World History Homework Three Answers - Student 12
FrederickT3 15:39, 28 September 2011 (EDT) (finished)
1. List the major ancient empires of China, including the time periods and major leaders.
- Hsia dynasty: before 1766 B.C. (mythical). The last Hsia emperor is said to have been Chieh.
- Shang dynasty: 1766 - 1122 B.C., started by T'ang.
- Chou or Zhou (different transcriptions of the same name) dynasty: 1027 - 481 B.C. (from the lecture it is not clear what happened between 1122 and 1027; the time between 481 and 221 is known as the "Warring States", so I guess the reign of the Chou was not secure during that time)
- Ch'in or Qin: 221-206 B.C. This was the first united Chinese empire under emperor Shih huang-ti.
- Han dynasty: 206 B.C. - A.D. 220. The first leader was Liu Bang, the longest reigning Han emperor was Han Wudi.
- The Han empire was replaced by the Three Kingdoms until China was reunited under the Sui dynasty in A.D. 589.
2. List the major ancient empires of India, including the time periods and major leaders.
- The first civilization in India was the Indus Valley or Harappan Civilization, 3000 B.C. to 1300 B.C. After that came the Vedic civilization, until about 500 B.C. The classical Indian empires were the Mauryan Empire (322-185 B.C., named after its founder Chandragupta Mauryan) and the Gupta Empire (A.D. 320-467, named after its founder, Chandra Gupta I). An important leader of the Mauryan era was Ashoka, who was a Buddhist but tolerated other religions.
- Good again.
- This symbol is called the "Taijitu" and represents "Yin" and "Yang", major principles or forces of the Taoist religion. "Yin" is seen as feminine, passive or negative and is represented by the dark side. "Yang" is seen as masculine, active or positive and is represented by the bright side. These principles are complementary, and their harmonization is the basic goal of Taoism.
4. Pick one of the religions in this week's lecture and discuss it, including where it fits in as to popularity and influence among all the world religions.
- Christianity is one of the major religions in the world. It is the dominant religion in North and South America, Europe, Australia, Oceania, Africa (except for the Muslim countries in the north) and parts of East Asia. All the other major religions are more restricted geographically: Islam is dominant in North Africa, the Middle East and central Asia, Hinduism is important in India, Buddhism in parts of East Asia.
- Superb insights about the regional nature of most non-Christian languages.
5. Which intellectual insight or breakthrough discussed in this week's lecture is most important, and why?
- In general, I find it hard to pick superlatives - history and reality are rarely so clear cut that one can easily pick one "most important". I'll pick the discovery of the concept of zero by the Indians. Understanding "zero" is an essential prerequisite for higher mathematics. Without it, mathematics could not have developed as it has and our world would look quite different.
- Interesting answer.
6. Write an essay of 150 words or more on any topic related to this week's lecture, or enter 3 key terms in the Study Guide with descriptions.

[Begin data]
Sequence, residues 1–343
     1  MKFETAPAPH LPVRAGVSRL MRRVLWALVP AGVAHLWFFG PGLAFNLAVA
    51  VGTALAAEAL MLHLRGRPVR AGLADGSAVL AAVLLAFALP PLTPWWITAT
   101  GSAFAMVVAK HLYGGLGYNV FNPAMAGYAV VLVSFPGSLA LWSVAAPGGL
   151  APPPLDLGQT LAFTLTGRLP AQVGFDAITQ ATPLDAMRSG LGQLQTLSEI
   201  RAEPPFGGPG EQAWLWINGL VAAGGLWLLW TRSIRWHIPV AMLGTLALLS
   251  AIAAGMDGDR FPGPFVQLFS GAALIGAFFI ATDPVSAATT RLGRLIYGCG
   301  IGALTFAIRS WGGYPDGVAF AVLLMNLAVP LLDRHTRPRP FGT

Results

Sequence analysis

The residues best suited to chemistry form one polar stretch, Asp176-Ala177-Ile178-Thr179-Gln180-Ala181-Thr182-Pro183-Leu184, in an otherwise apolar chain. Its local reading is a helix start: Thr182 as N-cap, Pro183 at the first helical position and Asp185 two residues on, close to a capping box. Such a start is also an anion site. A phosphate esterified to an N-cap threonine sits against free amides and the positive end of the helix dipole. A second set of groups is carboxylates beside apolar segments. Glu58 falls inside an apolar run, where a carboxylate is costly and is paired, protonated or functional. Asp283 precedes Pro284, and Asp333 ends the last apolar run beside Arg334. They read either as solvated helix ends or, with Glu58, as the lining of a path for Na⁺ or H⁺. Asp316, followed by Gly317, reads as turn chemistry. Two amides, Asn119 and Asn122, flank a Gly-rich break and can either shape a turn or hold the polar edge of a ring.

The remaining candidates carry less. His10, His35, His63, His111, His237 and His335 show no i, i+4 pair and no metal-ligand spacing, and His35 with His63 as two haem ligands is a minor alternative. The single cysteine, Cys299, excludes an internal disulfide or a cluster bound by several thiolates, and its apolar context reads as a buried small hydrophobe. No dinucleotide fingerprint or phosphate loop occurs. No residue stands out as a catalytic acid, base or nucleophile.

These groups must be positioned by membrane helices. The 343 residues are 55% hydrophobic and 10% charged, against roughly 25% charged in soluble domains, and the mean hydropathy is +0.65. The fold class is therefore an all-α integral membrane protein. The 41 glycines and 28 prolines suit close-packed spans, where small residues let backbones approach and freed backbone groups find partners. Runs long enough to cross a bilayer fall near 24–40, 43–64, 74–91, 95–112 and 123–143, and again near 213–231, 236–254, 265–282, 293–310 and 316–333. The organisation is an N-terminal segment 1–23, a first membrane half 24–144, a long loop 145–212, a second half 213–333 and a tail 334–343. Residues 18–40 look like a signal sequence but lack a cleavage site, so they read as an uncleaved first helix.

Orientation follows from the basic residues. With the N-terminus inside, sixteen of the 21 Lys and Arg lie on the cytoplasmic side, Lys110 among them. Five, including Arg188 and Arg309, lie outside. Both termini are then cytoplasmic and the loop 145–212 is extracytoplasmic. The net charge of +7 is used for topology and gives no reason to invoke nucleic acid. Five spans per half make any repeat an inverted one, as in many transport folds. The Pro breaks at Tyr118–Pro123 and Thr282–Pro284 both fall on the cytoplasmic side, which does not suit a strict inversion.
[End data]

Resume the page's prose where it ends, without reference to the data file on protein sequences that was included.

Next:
H1. Write an essay as requested in question 6, but make it 500 or more words (or add 6 key terms in the Study Guide with descriptions).
- Upanishads, Vandals, Herodotus, Marcus Aurelius, Neolithic Age, Nerva
H2. Discuss a difference between a belief system and a religion, in your view, and give some examples from this week's lecture.
H3. How do you think the major belief systems of today, as ranked in the lecture, will rank in 100 years?
H4. The lecture raises the possibility that Mark, the author of one of the Gospels, was being homeschooled by his mother as she followed Jesus, and that John, the author of another Gospel, was a teenager when he was an Apostle. What is your view? Discuss.
- While homeschooling is undeniably very important today to counteract the biases and dangers inherent in the centralized public school system, I'm afraid I fail to see the importance of homeschooling in the case of Mark. After all, at the time that he was homeschooled there was no public school system as there is nowadays. The importance in his case was that he was schooled at all, which was certainly not the case for the majority of kids at the time. In Rome, I know that most of the kids in wealthy families were homeschooled, mostly by slaves, often of Greek origin. I suppose that the situation in Israel was similar, and that the majority of the poorer kids were not schooled at all. Hence, the principal merit of Mark's mother lies in the fact that she provided for any education for Mark at all, thus enabling him to write his marvellous Gospel.
- Being a teenager certainly helped John to adopt the teachings of Jesus because his mind was fresh and free of the prejudices that often impede older minds. He is also a prime example of what teenagers are able to achieve (compare Conservapedia's article on Great Achievements by Teenagers).
- Good answer with full credit, but I disagree about discounting the significance of the homeschooling of Mark. The alternative was likely a traditional education in Jerusalem. Feel free to comment further - I'll watch for any further comments you may have here on this.
- Grade: 60/60. Excellent!--Andy Schlafly 19:51, 4 October 2011 (EDT)